What are the conditions of wealth creation?
Smith and Hume argue that vanity is axiomatic. Turgot thinks it is the amount of money put out for loan at interest.
Both claims consciously touch upon moral prohibitions. The Catholic Church sponsored sumptuary laws (against vanity) and usury laws (against money loaned at interest). These laws stemmed from biblical injunctions against idolatry (vanity) and debt slavery (usury). This suggests that an important part of wealth creation is the marginalization of the Church, or religion generally (for example, Buddhism runs counter to vanity and Islam still forbids money loaned at interest).
In one telling of history, the astonishing generation of wealth that has happened since the start of the industrial revolution in 1750 depends upon the marginalization of Catholicism: crucial events being the printing press, the Reformation, the scientific revolution, and the rise of the nation state. Sometimes this is even simplified to the claim that religion was defeated by reason and the floodgates to wealth opened.
The simplification is obvious: we do not recognize this rational agency as true to life. We are rational and emotional and theatrical and psychoanalytical. The idea that wealth stems from rational, bloodless, technological innovation is completely implausible.
And there is a curiosity: Why did wealth creation happen in the West? China had science and technology for thousands of years. Ancient Greece had reason by the bucketful. Medieval Islam — relying on Christians translating the Greeks into Arabic — made tremendous intellectual and technological advances. Yet, wealth creation did not happen.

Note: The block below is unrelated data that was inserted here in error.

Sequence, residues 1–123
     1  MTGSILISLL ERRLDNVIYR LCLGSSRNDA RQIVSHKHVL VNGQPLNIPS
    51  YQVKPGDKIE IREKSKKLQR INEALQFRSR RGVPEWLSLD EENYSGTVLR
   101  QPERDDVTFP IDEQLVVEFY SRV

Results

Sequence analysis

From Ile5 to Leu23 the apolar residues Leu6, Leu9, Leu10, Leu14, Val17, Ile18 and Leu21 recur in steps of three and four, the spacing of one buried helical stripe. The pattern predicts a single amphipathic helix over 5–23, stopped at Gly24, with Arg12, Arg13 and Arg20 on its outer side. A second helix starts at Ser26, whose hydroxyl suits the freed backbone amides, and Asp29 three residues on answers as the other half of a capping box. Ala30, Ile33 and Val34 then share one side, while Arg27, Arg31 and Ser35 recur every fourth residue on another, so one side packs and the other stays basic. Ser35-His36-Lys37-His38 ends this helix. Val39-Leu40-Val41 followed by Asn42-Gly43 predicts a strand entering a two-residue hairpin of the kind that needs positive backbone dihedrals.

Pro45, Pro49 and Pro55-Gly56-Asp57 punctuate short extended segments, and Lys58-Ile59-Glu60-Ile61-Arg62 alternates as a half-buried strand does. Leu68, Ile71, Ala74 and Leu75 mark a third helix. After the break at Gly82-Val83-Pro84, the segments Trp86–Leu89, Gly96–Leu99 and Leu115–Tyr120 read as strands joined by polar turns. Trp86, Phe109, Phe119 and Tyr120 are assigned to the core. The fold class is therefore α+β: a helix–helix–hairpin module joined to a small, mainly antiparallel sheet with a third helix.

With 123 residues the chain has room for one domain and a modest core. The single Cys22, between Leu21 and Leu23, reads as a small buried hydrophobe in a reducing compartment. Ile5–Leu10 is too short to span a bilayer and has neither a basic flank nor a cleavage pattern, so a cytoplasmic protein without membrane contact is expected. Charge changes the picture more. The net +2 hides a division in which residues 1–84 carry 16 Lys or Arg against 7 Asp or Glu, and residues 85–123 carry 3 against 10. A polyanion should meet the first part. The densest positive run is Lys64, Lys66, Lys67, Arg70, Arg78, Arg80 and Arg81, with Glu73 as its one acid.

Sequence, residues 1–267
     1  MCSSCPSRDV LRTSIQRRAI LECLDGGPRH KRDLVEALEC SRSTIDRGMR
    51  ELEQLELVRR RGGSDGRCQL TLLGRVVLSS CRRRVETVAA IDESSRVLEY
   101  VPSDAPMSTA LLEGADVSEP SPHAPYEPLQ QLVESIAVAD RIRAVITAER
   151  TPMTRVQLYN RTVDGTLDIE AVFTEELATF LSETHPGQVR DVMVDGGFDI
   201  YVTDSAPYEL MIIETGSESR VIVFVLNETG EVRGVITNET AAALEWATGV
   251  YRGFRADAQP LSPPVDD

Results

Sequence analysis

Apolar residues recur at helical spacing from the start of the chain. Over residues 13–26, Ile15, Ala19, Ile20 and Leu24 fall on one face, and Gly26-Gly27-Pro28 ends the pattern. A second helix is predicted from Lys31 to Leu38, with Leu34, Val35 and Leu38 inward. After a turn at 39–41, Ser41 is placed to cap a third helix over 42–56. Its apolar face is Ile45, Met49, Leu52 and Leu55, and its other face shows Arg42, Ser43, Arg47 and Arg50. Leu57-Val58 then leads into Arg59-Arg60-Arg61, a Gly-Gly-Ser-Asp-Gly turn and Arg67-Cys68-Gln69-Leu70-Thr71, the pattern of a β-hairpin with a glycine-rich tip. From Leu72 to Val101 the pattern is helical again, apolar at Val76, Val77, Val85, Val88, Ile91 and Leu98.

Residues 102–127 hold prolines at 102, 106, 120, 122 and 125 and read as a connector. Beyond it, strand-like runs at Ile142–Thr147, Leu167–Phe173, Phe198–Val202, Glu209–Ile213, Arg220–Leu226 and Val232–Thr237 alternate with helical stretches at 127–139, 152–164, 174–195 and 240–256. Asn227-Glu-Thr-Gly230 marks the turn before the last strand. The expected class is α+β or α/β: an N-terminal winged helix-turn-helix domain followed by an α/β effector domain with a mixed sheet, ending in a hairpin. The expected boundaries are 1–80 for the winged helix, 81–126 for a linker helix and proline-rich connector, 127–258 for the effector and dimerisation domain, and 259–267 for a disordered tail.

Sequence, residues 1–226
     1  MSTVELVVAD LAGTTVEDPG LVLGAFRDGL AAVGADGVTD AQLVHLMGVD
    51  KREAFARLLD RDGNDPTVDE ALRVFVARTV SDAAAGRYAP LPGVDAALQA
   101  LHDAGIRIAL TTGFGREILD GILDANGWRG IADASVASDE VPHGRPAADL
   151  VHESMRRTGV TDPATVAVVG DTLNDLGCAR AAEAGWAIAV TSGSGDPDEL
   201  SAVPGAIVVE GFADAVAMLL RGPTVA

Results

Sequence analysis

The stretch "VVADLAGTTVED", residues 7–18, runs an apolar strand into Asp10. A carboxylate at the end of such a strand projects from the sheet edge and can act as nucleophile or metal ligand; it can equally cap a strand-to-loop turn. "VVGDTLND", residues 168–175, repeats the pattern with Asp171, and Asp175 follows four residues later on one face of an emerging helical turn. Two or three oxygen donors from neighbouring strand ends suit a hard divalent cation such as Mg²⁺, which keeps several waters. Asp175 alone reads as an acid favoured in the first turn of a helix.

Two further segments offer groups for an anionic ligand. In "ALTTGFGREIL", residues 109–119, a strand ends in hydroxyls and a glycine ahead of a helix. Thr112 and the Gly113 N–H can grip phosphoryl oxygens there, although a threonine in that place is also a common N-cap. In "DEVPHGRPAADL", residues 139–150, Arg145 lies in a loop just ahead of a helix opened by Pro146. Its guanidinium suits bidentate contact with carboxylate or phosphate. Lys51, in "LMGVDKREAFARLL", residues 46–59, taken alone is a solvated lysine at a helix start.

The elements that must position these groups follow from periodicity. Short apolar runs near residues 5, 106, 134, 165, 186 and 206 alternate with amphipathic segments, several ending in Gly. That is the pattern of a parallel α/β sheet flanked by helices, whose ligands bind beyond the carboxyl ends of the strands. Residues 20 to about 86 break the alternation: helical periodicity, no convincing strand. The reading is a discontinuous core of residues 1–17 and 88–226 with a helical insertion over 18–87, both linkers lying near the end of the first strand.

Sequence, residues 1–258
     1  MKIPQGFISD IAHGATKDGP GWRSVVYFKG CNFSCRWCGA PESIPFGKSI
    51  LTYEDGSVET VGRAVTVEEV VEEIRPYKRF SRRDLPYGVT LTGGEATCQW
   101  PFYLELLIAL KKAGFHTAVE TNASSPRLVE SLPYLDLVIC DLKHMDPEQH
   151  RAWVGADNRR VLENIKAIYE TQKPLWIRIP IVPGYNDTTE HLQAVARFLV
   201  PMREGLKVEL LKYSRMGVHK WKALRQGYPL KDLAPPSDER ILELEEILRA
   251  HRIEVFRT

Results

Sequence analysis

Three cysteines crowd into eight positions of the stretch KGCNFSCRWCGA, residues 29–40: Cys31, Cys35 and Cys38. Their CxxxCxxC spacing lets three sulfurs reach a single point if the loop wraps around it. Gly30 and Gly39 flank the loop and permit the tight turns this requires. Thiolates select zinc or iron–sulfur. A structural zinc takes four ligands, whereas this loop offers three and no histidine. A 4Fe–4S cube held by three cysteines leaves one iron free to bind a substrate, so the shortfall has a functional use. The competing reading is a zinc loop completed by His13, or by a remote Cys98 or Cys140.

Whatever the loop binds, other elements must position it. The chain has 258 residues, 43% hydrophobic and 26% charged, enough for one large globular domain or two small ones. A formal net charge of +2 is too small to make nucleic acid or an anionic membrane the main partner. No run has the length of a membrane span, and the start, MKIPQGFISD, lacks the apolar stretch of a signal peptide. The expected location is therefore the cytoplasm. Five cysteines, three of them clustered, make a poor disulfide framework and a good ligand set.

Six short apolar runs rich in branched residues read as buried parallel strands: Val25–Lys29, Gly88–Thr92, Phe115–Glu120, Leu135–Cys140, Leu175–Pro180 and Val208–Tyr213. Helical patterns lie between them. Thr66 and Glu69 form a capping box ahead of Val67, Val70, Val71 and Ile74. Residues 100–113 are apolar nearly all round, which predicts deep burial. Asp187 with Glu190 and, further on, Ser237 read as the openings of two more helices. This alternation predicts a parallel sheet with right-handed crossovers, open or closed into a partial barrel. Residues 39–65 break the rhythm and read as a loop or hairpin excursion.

Ask: What is missing from these three great civilisations? The Church is missing, for one. What is the Church? The liturgical celebration of the Logos Who loves His Father, the Father Who loves His Son and all created in His image. The Mass celebrates the triumph of this love against demonic possession, the glory of the rule of love over corruption and death.
Put differently, the Mass is an appeal to us share this triumph, to transform what we are — rational, emotional, theatrical, and psychoanalytic — into glory. Wealth creation is one part of the working out of that transformation. The gestation has been long and bumpy, but why are we surprised? Burke points out that our political liberties took difficult centuries to birth, and wealth is the same.
That the Church inspired fashion, and surely vice versa, is not surprising. Fashion and the Church are both engines of wealth creation because the Mass points to the underlying splendour of creation, of human persons, and fashion is a varied, and sometimes deflected, participation in that splendour (Przywara’s in-and-beyond: see V&R Chapter 8).